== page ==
Some people say they choose their careers and will easily tell you why. However, Michael suggests that a career in nursing chose him. He was born into a family that required annual ICU visits and weekly home health nursing visits. The home health nurses would teach him basic nursing skills like medication management, nasogastric tube feedings, advocating, and education. For the majority of the week it was Michael’s responsibility to care for both his brothers and mother.
Michael admits that it was a struggle to accept his calling in nursing because of the stigma which surrounds this female-dominated field. He first decided on a career in physical therapy, but quickly realized that he needed a more hands on approach to the complete patient and not just their physical limitations. Again, nursing came to the forefront of his mind. However, Michael applied to a physician assistant (PA) program in Las Vegas. After being accepted he and his wife traveled to Colorado to visit family.
While in town visiting family, he passed the Anschutz Medical Campus on the way to his sister-in-laws and looked up the degree offerings. Again nursing was an option, but Michael struggled with the question “Do I want to go into nursing?” The number of male nurses, although growing, is low, and he had already been accepted into PA school. After meeting with Connie Franklin at the College of Nursing and discussing the intriguing world of nursing, he inquired about the application process. With just days until the deadline and all the necessary items (except for a letter) to apply, Michael finally overcame the stigma of male nursing and applied to the BS-Nursing program.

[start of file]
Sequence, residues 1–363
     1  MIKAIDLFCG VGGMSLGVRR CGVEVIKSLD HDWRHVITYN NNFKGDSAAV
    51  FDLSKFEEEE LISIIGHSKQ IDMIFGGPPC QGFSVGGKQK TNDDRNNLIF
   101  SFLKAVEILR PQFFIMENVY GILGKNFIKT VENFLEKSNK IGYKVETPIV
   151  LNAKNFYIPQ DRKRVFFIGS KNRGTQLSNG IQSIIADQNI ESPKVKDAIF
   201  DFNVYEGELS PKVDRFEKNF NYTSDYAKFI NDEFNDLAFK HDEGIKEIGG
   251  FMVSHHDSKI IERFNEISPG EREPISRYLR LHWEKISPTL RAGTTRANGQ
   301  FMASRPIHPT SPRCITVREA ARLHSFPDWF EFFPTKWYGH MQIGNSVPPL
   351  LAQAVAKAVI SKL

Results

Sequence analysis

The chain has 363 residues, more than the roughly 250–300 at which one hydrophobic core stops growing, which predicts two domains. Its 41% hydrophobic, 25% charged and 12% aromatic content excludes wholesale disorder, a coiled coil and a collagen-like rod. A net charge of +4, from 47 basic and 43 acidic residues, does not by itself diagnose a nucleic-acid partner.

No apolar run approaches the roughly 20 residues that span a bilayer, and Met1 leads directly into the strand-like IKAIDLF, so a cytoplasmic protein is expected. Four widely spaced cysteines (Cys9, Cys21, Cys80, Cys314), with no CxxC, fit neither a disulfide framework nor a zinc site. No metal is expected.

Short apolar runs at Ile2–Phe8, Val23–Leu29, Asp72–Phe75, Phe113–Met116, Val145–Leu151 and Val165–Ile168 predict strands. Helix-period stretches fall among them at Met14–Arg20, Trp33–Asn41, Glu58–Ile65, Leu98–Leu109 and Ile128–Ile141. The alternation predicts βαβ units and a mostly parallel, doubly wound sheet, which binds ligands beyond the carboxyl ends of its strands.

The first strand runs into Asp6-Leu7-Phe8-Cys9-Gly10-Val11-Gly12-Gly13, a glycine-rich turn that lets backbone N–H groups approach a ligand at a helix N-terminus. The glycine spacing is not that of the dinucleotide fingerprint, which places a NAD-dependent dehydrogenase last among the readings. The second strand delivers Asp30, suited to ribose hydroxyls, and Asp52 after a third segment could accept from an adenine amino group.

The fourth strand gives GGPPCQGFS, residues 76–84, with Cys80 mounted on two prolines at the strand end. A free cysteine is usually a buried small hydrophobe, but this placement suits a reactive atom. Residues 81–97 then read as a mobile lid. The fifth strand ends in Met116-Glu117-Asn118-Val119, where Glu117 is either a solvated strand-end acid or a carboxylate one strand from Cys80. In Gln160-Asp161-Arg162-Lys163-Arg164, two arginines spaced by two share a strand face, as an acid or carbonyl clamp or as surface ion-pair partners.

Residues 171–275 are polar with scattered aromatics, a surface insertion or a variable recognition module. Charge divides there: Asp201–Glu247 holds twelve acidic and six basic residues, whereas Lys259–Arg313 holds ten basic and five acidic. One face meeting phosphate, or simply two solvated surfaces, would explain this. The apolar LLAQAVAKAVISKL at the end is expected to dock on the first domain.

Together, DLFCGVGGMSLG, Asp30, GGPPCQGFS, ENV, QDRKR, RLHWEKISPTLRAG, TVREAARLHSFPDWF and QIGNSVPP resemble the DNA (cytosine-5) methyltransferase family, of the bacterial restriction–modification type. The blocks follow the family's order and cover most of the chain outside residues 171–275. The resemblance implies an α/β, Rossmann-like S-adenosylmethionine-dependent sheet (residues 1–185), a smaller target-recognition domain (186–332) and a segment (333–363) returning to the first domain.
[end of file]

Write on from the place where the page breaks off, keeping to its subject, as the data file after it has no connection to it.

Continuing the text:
Michael wants to work in the Cardiothoracic ICU and eventually go back to school and earn a Doctorate degree in Nursing Anesthesia and become a Certified Registered Nurse Anesthetists (CRNA). While CRNAs have less patient interaction compare to other advanced practice areas Michael admits that it’s not the interaction, but the care for patients that are considered most vulnerable that attracted him to this particular field of nursing.
Prior to committing to a career in nursing, Michael worked as a personal trainer. He mostly worked with healthy people, but was interested in how nutrition and medical history affected his clients. Especially after his wife (Alisha) developed preeclampsia while pregnant with their daughter. Her doctor told her to exercise, but Michael did not feel confident or comfortable in creating an exercise program for her and realized that there was a gap in care for patients related to exercise and healthcare. In order to solve this problem Michael created a software application related to his work as a personal trainer, which assessed users’ individual health situations. It measured users’ complete medical history, nutrition status, and activity level. In creating the application, Jones academically researched medical history and created an equation he hoped would accurately represent users’ personal medical history. He then asked a physician friend to review his work, and in the end, his application was a success. The physician and Michael formalized the application into a business and after a few years Michael grew tired of the business world, and wanted to further his education in healthcare.
Now, as part of the College of Nursing, Michael is completing his traditional bachelor of science as one step toward his future goals. He is also the class representative for the Undergraduate Curriculum and Evaluation Committee (UCEC) and the newly appointed Vice President of Diversity for the Student Senate. He wants “to challenge everyone to be the best they can be” and “treat your patients as a person and not a number or disease.”